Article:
Written by Gene Maryushenko.
Last week, when I posted a new infographic on bike helmet use and asked for some feedback from prominent bike bloggers, I received a mixed response (mostly critical).
Many of you gave frank opinions about some figures that are incomplete, such as the “67%” statistic. It was pointed out that just because 67% were not wearing a helmet, does not mean every one of the riders died from head injuries directly relating to lack of head protection.
Based on the information in the infographic this does appear inaccurate. What I failed to include is a comparison statistic that highlights the striking difference in fatality figures between the two categories.
15% – the percentage of fatalities for 2011 where helmets were used. Is it possible that the extra 52% of the riders died from causes unrelated to head injuries? Yes. Is it probable? Most likely not. A look at the actual data from FARS may paint a better picture.
A more accurate image would indicate the speed at which collisions occur, that result in preventable brain injuries due to lack of helmet use.
Furthermore, the image would display crash-worthiness figures of various brands / types of popular helmets and their ability to withstand impact (supported by data).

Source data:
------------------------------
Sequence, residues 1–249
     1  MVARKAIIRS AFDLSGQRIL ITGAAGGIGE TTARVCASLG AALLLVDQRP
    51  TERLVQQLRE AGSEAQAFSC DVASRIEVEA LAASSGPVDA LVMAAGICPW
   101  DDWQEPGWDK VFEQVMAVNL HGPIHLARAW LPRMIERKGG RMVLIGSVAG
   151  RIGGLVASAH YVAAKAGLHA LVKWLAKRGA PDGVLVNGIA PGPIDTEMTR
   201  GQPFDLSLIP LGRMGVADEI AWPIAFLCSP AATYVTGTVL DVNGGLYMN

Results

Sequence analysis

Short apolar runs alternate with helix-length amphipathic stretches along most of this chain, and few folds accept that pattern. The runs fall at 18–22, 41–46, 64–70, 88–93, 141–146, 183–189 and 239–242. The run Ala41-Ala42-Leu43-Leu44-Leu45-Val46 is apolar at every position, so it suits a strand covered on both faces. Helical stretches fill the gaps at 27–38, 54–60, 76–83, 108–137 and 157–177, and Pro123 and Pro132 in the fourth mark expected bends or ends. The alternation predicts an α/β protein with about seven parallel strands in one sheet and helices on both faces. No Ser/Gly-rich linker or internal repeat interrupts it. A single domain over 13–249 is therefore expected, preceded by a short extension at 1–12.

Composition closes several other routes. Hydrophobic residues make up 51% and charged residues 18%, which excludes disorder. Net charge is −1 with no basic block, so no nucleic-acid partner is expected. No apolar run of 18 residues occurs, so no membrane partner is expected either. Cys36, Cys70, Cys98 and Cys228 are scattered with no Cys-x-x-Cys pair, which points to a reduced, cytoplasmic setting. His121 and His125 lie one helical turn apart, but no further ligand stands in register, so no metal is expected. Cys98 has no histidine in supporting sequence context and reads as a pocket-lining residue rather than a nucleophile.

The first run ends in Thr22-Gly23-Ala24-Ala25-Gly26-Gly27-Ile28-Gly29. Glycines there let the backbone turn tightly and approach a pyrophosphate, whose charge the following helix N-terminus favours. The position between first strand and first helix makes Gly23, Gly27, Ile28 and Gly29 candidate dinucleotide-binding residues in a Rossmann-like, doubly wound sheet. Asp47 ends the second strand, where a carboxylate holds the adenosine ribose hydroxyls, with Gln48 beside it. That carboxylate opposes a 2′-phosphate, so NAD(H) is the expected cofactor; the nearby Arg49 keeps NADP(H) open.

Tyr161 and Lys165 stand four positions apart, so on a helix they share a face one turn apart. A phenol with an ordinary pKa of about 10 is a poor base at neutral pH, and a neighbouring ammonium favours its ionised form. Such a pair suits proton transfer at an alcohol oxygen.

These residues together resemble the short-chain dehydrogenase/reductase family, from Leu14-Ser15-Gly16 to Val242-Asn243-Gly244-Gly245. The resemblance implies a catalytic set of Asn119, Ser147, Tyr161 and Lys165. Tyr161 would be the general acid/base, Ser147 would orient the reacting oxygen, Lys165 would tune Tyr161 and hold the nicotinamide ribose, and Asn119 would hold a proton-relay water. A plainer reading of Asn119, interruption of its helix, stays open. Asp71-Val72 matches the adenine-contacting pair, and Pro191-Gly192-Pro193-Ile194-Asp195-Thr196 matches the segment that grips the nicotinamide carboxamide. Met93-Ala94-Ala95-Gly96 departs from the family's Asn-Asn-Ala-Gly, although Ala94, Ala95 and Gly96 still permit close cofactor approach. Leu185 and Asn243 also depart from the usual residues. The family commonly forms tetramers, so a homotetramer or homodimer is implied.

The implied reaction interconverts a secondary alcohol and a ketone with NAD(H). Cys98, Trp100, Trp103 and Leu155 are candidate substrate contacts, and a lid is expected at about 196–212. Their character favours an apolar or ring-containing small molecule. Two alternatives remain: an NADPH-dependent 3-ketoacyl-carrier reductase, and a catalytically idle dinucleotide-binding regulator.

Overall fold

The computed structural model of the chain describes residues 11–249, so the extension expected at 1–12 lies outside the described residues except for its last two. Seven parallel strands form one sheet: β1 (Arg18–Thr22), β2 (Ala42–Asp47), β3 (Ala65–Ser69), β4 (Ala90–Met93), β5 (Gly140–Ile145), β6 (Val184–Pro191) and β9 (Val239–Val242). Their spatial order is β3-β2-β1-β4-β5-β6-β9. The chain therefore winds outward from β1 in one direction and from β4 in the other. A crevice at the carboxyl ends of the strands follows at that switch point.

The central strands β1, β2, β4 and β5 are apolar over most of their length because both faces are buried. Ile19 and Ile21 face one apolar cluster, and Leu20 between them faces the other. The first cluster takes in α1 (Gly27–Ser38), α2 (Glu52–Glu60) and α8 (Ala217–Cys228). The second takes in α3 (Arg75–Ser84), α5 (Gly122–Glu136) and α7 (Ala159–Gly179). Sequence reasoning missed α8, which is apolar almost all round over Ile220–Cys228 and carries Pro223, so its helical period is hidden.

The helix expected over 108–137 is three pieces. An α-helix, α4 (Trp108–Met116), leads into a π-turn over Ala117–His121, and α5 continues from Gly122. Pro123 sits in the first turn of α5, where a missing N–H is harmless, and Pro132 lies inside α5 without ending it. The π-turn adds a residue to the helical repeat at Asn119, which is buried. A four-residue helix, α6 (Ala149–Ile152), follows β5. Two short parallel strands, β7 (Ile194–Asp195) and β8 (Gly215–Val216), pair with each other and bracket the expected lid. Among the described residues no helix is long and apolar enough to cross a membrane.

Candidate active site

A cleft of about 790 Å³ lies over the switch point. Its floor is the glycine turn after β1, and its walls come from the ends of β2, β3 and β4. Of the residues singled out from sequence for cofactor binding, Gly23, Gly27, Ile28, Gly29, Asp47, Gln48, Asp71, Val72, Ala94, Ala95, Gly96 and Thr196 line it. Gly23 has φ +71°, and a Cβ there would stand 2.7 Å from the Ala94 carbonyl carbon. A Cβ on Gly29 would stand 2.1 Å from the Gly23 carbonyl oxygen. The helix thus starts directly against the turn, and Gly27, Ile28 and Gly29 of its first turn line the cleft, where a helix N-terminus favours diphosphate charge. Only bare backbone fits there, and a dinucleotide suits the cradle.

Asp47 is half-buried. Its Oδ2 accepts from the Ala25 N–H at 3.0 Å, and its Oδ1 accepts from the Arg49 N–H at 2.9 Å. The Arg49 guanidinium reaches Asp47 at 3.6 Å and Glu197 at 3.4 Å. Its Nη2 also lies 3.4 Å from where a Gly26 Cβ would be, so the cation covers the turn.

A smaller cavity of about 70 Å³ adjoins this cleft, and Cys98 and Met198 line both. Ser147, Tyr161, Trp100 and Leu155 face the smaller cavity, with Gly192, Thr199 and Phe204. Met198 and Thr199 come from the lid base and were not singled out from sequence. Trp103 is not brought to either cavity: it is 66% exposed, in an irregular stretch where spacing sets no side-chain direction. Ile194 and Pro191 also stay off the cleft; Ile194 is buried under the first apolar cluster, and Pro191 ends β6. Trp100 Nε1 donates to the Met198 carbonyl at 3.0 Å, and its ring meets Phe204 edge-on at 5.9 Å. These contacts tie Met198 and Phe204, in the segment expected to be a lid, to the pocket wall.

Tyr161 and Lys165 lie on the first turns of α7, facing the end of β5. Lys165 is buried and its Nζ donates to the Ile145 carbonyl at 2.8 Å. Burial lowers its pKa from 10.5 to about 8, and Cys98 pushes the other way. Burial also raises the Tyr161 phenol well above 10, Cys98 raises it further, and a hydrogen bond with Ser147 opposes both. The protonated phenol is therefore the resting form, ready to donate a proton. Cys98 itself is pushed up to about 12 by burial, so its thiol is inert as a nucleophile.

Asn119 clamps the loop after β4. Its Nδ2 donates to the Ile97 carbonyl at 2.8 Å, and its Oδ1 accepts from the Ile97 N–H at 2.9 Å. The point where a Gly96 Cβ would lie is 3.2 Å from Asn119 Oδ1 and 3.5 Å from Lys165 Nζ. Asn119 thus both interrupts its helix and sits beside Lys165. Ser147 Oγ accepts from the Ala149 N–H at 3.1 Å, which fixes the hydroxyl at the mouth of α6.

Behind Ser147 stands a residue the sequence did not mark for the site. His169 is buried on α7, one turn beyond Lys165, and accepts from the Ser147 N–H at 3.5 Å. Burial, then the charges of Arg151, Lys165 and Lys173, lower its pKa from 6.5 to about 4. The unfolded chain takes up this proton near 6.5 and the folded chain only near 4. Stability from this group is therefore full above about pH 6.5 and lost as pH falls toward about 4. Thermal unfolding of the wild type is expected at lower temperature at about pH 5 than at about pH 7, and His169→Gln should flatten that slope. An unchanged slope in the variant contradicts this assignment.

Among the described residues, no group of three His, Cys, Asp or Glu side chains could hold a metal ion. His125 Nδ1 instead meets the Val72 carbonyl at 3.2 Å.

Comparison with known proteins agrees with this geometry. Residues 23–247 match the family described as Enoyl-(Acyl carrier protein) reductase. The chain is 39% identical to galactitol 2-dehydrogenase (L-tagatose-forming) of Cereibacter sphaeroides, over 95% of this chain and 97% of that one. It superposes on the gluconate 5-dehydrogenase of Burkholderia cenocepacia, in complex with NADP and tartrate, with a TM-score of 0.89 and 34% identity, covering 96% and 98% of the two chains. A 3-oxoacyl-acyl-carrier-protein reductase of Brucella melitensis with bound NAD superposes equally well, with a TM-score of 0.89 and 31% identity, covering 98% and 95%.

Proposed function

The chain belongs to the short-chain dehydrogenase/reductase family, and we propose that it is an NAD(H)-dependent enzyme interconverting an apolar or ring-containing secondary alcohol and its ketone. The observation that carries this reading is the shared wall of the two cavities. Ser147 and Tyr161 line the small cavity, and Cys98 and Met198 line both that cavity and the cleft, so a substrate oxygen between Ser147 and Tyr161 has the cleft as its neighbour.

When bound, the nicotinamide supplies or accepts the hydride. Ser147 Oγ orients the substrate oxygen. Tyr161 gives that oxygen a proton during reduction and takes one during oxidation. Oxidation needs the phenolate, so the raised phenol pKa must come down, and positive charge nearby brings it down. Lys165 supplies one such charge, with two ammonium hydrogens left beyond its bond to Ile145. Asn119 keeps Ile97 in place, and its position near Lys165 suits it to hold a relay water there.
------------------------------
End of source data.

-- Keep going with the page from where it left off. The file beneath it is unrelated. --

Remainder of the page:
Another point that was made by several people is that wearing a helmet may not save your life at all when involved in an accident with aggressive or inexperienced drivers. Poor infrastructure was also pointed at as one of the causes of fatalities included in this image. In comparison, some Scandinavian countries where urban areas are much more bike-friendly see far fewer accidents.
There seems to be a general consensus that bike helmets have prevented serious injuries in many of your own past experiences, which tells me this wasn’t a completely wasted effort to promote helmet use.
Your feedback is much appreciated and will lead me to provide more complete statistical data via graphical format.